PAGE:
Following up on Anne Laurie, on the conservative legal challenges to the health care reform act, I’m wondering why Senator Ron Wyden’s good question about the sincerity of those legal challenges hasn’t gotten more attention.
So, in both the Healthy Americans Act and in the current health reform law, I included a provision that would allow states to gain an exemption from certain federal requirements — such as the individual mandate, the employer penalty and the exact standards for designing the exchanges, subsidies and basic health insurance policies — if they could find a way to do a better job of covering their state’s citizens.
To date, I haven’t seen a single one of those states currently filing lawsuits against the individual mandate propose better ways of covering their citizens. In fact, one of the reasons I have been drawing attention to the state waiver is to highlight the insincerity of those filing lawsuits. If states aren’t happy with the federal law they should be spending their energy innovating ways to do better rather than wasting taxpayer dollars on lawsuits that — if successful — would leave their state’s citizens with nothing.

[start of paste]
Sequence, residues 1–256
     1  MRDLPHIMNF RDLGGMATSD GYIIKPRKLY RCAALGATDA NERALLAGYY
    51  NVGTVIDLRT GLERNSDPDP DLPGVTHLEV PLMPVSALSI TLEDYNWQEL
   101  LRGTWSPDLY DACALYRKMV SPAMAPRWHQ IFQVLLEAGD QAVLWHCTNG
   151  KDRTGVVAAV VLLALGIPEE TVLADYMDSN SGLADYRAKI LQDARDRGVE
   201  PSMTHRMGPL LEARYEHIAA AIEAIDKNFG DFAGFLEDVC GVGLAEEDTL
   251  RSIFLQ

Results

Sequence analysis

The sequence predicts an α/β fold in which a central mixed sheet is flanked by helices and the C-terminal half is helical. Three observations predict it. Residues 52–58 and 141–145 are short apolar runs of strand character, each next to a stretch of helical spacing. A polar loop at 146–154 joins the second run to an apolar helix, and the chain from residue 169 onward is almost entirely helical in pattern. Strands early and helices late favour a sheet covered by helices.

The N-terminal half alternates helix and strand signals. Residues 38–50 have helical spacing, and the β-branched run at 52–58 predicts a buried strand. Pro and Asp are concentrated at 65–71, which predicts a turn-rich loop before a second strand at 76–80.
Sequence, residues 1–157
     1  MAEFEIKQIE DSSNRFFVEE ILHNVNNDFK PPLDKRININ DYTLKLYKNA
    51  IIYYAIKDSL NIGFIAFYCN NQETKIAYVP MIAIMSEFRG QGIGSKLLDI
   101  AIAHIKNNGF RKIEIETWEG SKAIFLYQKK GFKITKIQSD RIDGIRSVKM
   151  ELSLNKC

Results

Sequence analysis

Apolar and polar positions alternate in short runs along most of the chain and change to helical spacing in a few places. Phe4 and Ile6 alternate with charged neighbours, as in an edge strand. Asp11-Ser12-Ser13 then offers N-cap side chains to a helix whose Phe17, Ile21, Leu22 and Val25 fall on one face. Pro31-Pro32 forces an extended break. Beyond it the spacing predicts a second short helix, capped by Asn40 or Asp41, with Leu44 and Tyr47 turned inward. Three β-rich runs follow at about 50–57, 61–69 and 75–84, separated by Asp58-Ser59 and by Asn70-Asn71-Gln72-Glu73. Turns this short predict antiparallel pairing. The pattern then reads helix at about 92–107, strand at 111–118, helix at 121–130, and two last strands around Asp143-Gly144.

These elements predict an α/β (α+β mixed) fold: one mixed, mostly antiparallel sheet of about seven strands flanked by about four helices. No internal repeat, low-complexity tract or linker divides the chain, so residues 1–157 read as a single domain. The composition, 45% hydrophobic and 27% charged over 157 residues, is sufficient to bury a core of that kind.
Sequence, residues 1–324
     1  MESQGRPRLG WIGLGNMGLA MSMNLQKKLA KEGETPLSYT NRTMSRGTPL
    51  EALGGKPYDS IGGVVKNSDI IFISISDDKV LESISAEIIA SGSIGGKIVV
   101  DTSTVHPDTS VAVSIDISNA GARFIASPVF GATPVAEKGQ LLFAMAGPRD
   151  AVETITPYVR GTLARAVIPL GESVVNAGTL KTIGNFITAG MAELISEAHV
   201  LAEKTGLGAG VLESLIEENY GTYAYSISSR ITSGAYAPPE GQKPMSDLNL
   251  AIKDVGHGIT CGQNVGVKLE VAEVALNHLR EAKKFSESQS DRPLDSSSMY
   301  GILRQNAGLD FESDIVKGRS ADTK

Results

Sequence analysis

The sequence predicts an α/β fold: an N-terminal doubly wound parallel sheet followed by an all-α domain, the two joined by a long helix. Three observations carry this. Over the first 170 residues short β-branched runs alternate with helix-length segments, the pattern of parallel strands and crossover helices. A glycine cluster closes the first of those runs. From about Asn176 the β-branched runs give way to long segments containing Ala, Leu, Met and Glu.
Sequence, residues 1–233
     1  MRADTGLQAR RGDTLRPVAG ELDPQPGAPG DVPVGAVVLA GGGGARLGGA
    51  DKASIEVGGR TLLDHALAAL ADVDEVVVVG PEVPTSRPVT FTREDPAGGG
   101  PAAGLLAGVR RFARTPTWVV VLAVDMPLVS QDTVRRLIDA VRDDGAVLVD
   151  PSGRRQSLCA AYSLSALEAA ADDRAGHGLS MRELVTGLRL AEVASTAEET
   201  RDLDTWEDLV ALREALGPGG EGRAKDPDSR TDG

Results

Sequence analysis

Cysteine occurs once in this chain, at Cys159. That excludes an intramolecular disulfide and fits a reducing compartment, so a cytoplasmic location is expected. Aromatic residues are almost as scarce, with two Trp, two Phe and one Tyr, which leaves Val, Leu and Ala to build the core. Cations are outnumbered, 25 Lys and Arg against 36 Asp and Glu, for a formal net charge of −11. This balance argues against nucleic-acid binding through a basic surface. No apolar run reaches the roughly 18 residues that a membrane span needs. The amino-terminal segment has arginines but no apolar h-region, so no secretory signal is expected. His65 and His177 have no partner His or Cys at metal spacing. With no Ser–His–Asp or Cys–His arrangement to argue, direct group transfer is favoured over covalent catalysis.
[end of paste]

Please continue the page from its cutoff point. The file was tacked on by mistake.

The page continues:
E.D. Kain has referred to Wyden’s amendment several times, but have mainstream media asked any of the conservative lawyers bringing the challenges if they’re aware of the Wyden amendment? It comes into play in 2017.
I don’t believe the legal challenges have anything to do with the actual health care reform legislation, as enacted. I think they’re yet another round in the long-running conservative effort to dramatically roll back the reach of the Commerce Clause.
I don’t mind a fight, but I think we’d all be better off if we could get the other side to admit what they’re actually fighting about. If dramatically rolling back the reach of the Commerce Clause is more important to these state lawyers than health care, I think they have a duty to clue their citizens in on that.
They should have to answer this question:
“Why don’t you use the waiver provision to let you go set up your own plan?” the senator asked those who threaten health-care-related lawsuits. “Why would you just say you are going to sue everybody, when this bill gives you the authority and the legal counsel is on record as saying you can do it without an individual mandate?”